03.27.2019 0

The Trump administration takes on the opioid epidemic

By Richard McCarty

Starting at the top, the Trump administration has made fighting the opioid epidemic a priority. To this end, President Trump appointed a commission, declared an emergency, and has signed two pieces of legislation relating to the opioid crisis. The President has also discussed the issue of illicit fentanyl with Chinese President Xi Jinping, who has agreed to crack down on it. Meanwhile, First Lady Melania Trump has been speaking about opioid addiction and urging people to help those struggling with it; and the administration has been implementing the study commission’s recommendations. Thanks, in part, to these efforts, we are seeing results.

In March of 2017, Trump issued an executive order establishing the President’s Commission on Combating Drug Addiction and the Opioid Crisis. He subsequently appointed three governors, a state attorney general, a Member of Congress, and a professor to the bipartisan commission. In August of 2017, the commission issued an interim report with several recommendations, including the following:

  • Declare the opioid crisis a national public health emergency.
  • Grant state waiver requests that allow them to use federal funds to provide in-patient drug treatment for Medicaid recipients at psychiatric facilities with more than 16 beds. (A longstanding rule has been in place that prohibited this, meaning that states were solely responsible for paying for this care.)
  • Take steps to increase access to medication assisted treatment, such as methadone.
  • Require prescribers to be trained on risks of opioid addiction and how to properly treat pain.

The final commission report was released in early November. It made more recommendations, which included the following:

  • More drug courts, which are courts that offer defendants an opportunity for drug treatment and less incarceration time.
  • A multimedia campaign warning people, especially kids, about opioids and addiction and fighting the stigma of addiction.

The administration has been addressing the issues raised in these reports. For example, prescribers are getting more education on opioids; funding for drug courts is up 53 percent; and the White House partnered with the Ad Council and the Truth Initiative on an ad campaign. These ads have been viewed hundreds of millions of times, and they have reached 58 percent of young Americans.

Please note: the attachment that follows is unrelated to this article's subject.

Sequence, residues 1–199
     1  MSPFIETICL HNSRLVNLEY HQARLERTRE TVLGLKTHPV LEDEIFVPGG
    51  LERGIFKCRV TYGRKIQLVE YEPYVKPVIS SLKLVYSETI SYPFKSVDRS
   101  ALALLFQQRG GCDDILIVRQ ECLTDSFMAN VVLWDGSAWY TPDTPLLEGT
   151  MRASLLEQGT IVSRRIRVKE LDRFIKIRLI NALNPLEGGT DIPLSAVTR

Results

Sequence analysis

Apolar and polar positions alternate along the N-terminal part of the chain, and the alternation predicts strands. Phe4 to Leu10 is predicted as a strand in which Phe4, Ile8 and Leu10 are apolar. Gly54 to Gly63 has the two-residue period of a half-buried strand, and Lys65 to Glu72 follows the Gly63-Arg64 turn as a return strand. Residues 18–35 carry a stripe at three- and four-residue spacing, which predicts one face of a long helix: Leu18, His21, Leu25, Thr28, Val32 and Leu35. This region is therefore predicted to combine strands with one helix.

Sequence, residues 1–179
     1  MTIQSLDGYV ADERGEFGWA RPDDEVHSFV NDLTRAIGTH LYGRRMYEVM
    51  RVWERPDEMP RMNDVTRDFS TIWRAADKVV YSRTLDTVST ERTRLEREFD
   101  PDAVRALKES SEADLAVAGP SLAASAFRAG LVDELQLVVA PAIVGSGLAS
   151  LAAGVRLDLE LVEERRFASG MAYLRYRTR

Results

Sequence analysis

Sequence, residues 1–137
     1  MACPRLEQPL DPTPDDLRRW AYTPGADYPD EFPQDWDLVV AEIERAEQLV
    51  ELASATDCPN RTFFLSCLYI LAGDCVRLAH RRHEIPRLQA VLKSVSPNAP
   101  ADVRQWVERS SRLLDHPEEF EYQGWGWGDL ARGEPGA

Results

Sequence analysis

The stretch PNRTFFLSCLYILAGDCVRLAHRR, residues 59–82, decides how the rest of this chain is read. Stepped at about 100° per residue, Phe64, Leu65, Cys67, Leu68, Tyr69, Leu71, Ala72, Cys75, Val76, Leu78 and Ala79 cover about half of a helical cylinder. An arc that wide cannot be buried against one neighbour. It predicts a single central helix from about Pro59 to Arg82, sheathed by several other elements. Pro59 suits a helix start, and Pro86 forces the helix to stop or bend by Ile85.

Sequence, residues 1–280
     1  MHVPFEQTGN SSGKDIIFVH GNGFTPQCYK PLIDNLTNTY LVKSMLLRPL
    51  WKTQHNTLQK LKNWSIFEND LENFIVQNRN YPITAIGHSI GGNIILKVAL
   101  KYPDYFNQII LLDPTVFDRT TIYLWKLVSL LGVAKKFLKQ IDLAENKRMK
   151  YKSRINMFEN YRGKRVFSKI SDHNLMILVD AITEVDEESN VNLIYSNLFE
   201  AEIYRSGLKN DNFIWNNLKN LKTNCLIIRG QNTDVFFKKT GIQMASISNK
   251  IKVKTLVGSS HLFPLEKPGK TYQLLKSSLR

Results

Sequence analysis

Trump signed two bills dealing with the opioid crisis into law last year. In January of last year, he signed the INTERDICT Act, which provided funds to Customs and Border Patrol to increase the number of chemical screening devices to detect fentanyl and other drugs that are imported illegally. Last fall, Trump signed the SUPPORT for Patients and Communities Act into law. The sweeping law included many provisions, the following are just a few.

  • The law allows states to apply for Medicaid funding to cover the treatment of opioid addiction at psychiatric hospitals and facilities.
  • It also expands Medicare coverage of treatment for opioid abuse, including coverage of methadone.
  • The law also increases the number of medical professionals authorized to prescribe or dispense methadone and other drugs to fight opioid addiction.

Law enforcement agents are also doing their part to fight the opioid epidemic. Over the past two years, more than 35,000 pounds of heroin and close to 11,000 pounds of fentanyl have been seized in this country. Last fiscal year, Customs and Border Protection seized enough fentanyl on the southern border, between ports of entry, to kill close to 90 million people.

In the first year of the Trump administration, the number of adolescents who began misusing prescription painkillers declined by more than 100,000, and the number of American adults 26 or older who started using heroin fell by 68 percent. In addition, the number of opioid misusers declined in 2017, and more people with opioid use disorder received treatment in 2017. Obviously, much work remains to be done before we end the opioid epidemic, but important progress is being made.

Richard McCarty is the Director of Research at Americans for Limited Government Foundation.

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